Let me try to explain: whereas an average writer manages to immerse the reader into a character's thoughts and soul, leaving the reader with a certain feeling of comfort, a certain sense that what you are reading is helping you escape your reality, and it has not much to do with yourself and your life, Mazzucco will slap you in the face, yell "Wake up!", grab your hair and drag you into the character, and when you feel like you've touched the bottom, she will make you dig even deeper, to feel the the character's humanity under every aspect, including the physical one, her body, her armpits, her hair, her biological functions. Until the individuality built in the novel becomes almost more vibrant and palpable than the real-life people who are close to you, your family.

In other words, while reading this author you will often have moments when you find yourself saying: "Oh shit, this is me. It's talking to me here".

What I'm talking about is literature. Real literature, vs any light-weight novel that is out there.

This is a novel about an Italian woman who enlists in the army, fights in Afghanistan as a sergeant, is wounded and lives his rehabilitation in Ladispoli as in a limbo, neither alive nor dead. There she meets a man who finds himself in limbo too, albeit quite a different one. It's clear that the ways of writing this novel and make it a horrible, illegible brick are endless. Indeed, we can say that the plot does not do much to attract your interest when summarized in this way. 

But unlike a novel that I would not consider literature, in "Limbo" the language and the narrative form are not tools used to embellish reality or to make it more pleasant, nicer, or more tolerable. 

Melania Mazzucco loves raw: raw reality, raw characters.

Language is essential, focussed, practical. It becomes a tool that the author uses to sharpen the senses of the reader and encourage you to see reality with eyes open wide, throwing beams of bright light onto corners of life that are in the dark or that we keep ourselves in the dark for fear of looking at what's there.

I believe there is nothing better or more useful that literature can do. To be a slap in the face. Wake up the reader, even if only for an hour or two.

Here's what I mean when I say "vivid" and "brutal": Mazzucco's approach to writing is that of a fighter in a ring: fearless. As a writer, she is not afraid of anything. There is no beautification, no makeup, no eye shadow or blush. There is, however, a constant attention to the poetry of the real things - and to the poetry of language (or you would you watch a documentary or you would read a report instead).

Examples: "The waves continue to graze the sand." The description of a sunrise rising, viewed from the bottom of a canyon in Afghanistan: "There was a smell of cordite and smoke. The sun was drawing a yellow patch on the mountain's highest tooth. The light was walking fast on the rocks, the shadow regressed ".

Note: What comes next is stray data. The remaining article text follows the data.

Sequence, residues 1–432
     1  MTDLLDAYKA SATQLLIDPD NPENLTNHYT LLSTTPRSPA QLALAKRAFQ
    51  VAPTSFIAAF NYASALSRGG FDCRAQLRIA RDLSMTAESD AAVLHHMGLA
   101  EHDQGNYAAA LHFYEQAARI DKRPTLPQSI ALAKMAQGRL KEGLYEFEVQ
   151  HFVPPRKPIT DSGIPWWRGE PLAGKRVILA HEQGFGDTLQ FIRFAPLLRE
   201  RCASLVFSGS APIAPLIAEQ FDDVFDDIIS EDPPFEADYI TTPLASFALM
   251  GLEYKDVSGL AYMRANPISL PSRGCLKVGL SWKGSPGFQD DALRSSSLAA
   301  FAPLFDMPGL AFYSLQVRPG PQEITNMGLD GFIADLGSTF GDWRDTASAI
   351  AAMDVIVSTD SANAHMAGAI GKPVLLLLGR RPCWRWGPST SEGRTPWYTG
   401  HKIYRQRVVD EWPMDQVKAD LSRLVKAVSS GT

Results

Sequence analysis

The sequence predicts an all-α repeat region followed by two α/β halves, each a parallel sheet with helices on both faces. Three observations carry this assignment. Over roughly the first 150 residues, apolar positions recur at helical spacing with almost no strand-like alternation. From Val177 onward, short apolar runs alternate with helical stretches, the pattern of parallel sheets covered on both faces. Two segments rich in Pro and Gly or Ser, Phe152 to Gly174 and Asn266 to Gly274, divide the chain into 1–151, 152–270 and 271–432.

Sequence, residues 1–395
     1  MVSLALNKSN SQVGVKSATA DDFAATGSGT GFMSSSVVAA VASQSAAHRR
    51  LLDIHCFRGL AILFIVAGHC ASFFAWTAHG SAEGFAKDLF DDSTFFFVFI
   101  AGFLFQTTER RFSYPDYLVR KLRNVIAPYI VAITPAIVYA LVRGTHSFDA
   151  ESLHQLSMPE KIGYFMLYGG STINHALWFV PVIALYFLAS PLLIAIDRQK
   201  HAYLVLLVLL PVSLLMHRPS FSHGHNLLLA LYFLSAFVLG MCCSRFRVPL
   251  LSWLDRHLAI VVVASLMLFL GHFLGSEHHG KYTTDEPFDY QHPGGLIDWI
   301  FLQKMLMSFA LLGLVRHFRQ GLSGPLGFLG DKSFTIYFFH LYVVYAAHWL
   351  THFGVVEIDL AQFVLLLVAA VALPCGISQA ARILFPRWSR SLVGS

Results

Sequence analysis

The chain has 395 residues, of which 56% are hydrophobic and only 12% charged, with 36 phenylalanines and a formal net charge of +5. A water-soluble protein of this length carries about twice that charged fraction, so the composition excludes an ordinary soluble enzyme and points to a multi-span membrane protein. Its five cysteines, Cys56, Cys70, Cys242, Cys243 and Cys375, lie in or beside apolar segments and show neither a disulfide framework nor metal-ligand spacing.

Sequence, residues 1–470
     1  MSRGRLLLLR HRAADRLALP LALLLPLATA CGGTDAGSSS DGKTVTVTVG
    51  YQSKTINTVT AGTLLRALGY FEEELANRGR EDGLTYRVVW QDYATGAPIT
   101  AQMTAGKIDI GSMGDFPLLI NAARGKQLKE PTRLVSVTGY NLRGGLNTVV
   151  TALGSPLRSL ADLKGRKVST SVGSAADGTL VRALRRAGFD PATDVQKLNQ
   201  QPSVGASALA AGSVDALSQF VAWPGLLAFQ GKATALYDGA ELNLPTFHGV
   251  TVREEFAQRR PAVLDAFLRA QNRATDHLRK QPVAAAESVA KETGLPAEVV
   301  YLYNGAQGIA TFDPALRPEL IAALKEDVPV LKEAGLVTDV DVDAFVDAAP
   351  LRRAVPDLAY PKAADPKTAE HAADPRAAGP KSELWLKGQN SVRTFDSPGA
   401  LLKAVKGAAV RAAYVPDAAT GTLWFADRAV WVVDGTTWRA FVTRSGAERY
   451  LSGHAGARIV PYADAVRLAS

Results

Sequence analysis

Clearly, in the hands of a writer of this caliber, any narrative line becomes a corollary to what is the true heart of the novel. Sure, it is very interesting to read of an Italian female soldier in Afghanistan, butit is not the story what's most important. It's the voice. The author's personality. It's this, I think, that Alberto Asor Rosa means when he says that "Melania Mazzucco's books are life itself." It is no daring hyperbole. It's true: these are not regular novels, they are a voice that gets into your bones, and that makes you look at yourself as you really are.

I read Alberto Asor Rosa's review in the newspaper La Repubblica, and his comment that "the political-historical judgment runs behind the compact facade of the book, we can guess." I completely disagree with that. What is the political stance? Pacifism? Feminism? No no no, there's none of that within the core of this novel. Indeed, part of the strength of this book is its total lack of judgment on the part of the novel itself, while various judgments are given by the characters. On this point, therefore, I do not agree with Asor Rosa (aka Novel Levon or Radar Radar). 

I firmly believe in Sturgeon's Law, for which "90% of everything is crap", especially when applied to the world of modern publishing world. Such wonderful and important novels are likely to be mixed, on the shelves of a bookstore, with all the crap that is printed and sold these days. Limbo is in the 1% of that remaining 10%. Trust me.

Limbo, Melania Mazzucco (Italiano) - La letteratura come schiaffo

LimboMelania Mazzucco e' la migliore scrittrice italiana che io conosca. E' un'autrice con le palle, che scrive con la ferocia di Edward Bunker e la profondità cruda di McCarthy. Che sia chiaro: dietro lo stile elegantissimo, l'architettura magistrale, l'orecchio perfetto per ogni voce e l'accuratezza dei particolari, c'e' una bestia feroce che spinge al massimo fin dentro al punto piu' intimo della nostra essenza di esseri umani. La verita' nei suoi romanzi assume contorni vivissimi e una forza brutale.

No bullshit. Niente cazzate. Niente opinioni. Solo vita. Realta'. Umanita' nudissima e crudissima.

Il suo "Vita" e' splendido, ma e' "La lunga attesa dell'angelo" che mi ha lasciato letteralmente a bocca aperta, non credevo che lo si potesse scrivere, un libro cosi' vivo.